Cholera was reported at Konyu II followed by deaths. Their doctor was Phill Millard, whom the men thought very highly of.
As there are no records, we cannot be certain about where John Young went after Konyu II – as the men went to different camps within the area. These included Hintok and Kinsaiyok.
Jock was evacuated sick to Chungkai Hospital Camp from Hellfire Pass Cutting. He obviously recovered, was sent with work parties elsewhere in Thailand. Once again there are no records.
The Railway was completed about end of 1943 after which all the POWs were concentrated at 4 or 5 large camps from where the ‘fit’ men were selected to work in Japan, the rest for parties to work around Thailand. Many of the sick recovered with better conditions now that Speedo was over and food had improved a little. The Hospital Camps did have access to medicines mostly purchased with their own money.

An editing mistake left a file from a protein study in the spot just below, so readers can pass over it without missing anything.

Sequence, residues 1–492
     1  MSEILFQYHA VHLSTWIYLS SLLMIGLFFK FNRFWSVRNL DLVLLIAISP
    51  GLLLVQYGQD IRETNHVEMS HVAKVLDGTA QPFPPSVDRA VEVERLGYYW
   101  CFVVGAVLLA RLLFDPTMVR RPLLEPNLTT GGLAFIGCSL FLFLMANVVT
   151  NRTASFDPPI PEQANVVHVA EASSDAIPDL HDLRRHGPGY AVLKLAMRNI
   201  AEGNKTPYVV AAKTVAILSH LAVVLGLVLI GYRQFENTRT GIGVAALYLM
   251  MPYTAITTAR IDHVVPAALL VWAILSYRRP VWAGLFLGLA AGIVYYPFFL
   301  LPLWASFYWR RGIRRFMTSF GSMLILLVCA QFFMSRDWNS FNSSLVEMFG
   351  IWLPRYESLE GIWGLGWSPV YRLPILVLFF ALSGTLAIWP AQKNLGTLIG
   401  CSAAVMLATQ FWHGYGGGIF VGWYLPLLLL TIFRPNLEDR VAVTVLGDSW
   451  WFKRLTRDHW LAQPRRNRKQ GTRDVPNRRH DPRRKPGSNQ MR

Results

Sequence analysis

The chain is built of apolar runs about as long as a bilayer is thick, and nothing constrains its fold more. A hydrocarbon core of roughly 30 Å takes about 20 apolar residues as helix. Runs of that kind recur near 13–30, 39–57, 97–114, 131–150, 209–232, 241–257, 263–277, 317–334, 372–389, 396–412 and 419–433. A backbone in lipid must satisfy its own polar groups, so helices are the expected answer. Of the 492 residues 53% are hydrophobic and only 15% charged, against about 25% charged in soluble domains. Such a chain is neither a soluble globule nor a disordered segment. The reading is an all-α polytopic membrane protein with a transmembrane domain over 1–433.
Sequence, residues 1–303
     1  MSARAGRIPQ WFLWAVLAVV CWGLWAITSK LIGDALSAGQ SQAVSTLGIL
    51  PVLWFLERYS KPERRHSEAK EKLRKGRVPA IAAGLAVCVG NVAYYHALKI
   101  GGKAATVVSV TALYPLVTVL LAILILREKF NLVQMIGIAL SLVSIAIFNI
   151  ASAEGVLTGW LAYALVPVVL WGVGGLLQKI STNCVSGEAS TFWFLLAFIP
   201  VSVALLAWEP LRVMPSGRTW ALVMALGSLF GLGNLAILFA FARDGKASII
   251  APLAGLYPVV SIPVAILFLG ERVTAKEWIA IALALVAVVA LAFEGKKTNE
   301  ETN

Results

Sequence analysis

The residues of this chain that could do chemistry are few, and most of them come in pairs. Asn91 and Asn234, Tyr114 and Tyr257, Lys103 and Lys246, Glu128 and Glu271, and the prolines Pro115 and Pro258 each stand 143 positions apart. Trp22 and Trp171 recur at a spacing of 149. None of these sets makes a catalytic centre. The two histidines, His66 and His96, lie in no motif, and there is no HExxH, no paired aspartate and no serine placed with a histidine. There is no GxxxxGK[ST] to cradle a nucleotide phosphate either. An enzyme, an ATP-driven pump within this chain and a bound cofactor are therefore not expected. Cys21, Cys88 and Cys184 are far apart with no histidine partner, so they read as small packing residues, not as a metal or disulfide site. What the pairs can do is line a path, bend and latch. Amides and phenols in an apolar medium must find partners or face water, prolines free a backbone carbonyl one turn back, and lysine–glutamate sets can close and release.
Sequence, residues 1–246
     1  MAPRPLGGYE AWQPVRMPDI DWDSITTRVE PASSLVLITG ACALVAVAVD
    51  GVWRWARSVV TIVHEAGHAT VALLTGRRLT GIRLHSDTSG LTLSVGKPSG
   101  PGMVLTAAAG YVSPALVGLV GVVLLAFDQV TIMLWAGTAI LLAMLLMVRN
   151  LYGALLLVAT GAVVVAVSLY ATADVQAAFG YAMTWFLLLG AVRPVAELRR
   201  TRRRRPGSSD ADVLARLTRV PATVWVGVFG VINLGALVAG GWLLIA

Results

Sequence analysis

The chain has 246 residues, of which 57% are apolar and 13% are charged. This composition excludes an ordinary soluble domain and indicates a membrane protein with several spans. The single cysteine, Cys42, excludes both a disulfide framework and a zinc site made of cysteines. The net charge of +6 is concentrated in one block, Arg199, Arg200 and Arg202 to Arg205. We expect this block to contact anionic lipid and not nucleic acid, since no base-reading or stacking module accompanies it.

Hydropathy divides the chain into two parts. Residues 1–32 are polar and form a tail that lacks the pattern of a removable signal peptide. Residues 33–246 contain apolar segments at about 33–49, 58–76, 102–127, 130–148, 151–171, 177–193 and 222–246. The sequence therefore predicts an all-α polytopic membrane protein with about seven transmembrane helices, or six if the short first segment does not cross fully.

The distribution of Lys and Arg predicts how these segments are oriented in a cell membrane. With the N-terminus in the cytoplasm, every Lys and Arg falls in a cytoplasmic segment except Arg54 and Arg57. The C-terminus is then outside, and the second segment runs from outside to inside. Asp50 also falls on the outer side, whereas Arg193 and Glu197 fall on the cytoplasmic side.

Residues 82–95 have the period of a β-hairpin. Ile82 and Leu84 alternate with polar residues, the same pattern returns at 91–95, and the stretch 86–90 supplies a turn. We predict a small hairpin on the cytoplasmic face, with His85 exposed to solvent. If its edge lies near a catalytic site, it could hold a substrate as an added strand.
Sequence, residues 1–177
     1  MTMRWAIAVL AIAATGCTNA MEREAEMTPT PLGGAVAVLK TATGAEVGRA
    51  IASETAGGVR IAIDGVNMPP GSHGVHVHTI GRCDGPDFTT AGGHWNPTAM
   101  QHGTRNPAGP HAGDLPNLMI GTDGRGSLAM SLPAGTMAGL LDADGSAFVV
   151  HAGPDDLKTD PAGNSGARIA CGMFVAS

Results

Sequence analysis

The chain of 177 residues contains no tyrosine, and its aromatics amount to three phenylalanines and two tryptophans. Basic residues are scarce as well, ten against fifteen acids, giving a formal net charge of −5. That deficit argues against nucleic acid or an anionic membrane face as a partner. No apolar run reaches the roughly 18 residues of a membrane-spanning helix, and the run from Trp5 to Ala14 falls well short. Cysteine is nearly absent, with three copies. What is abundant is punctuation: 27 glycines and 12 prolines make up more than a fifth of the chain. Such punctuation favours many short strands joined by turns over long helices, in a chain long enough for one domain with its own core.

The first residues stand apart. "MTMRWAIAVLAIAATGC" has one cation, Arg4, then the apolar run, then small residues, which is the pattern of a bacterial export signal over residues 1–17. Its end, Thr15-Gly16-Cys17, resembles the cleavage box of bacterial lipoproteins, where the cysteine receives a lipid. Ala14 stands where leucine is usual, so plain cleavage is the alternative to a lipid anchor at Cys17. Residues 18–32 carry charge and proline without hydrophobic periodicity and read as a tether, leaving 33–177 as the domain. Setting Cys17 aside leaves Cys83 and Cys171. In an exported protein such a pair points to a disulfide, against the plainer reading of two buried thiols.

Jock must have been evacuated to Nacompaton Hospital Camp, Thailand where he died August 1945, just before the end of war. Nacompaton was a large Hospital Camp with better conditions than those on the Rail line. Jock had served in two World Wars – for England in WW1 and Australia in WW2 and his luck had run out.
“The British Royal Flying Corps (RFC), the forerunner of the Royal Air Force (RAF), was initially created in 1912 as a means of observation for the British military and it was primarily for reconnaissance that they were deployed during the war.
The Australian Flying Corps (AFC), the forerunner of the Royal Australian Air Force (RAAF), was formed two years later in 1914 at Point Cook and was affiliated with the Australian Imperial Force (AIF). Following the outbreak of World War I, however, the Australian Flying Corps primarily flew under the operational control of the Royal Flying Corps.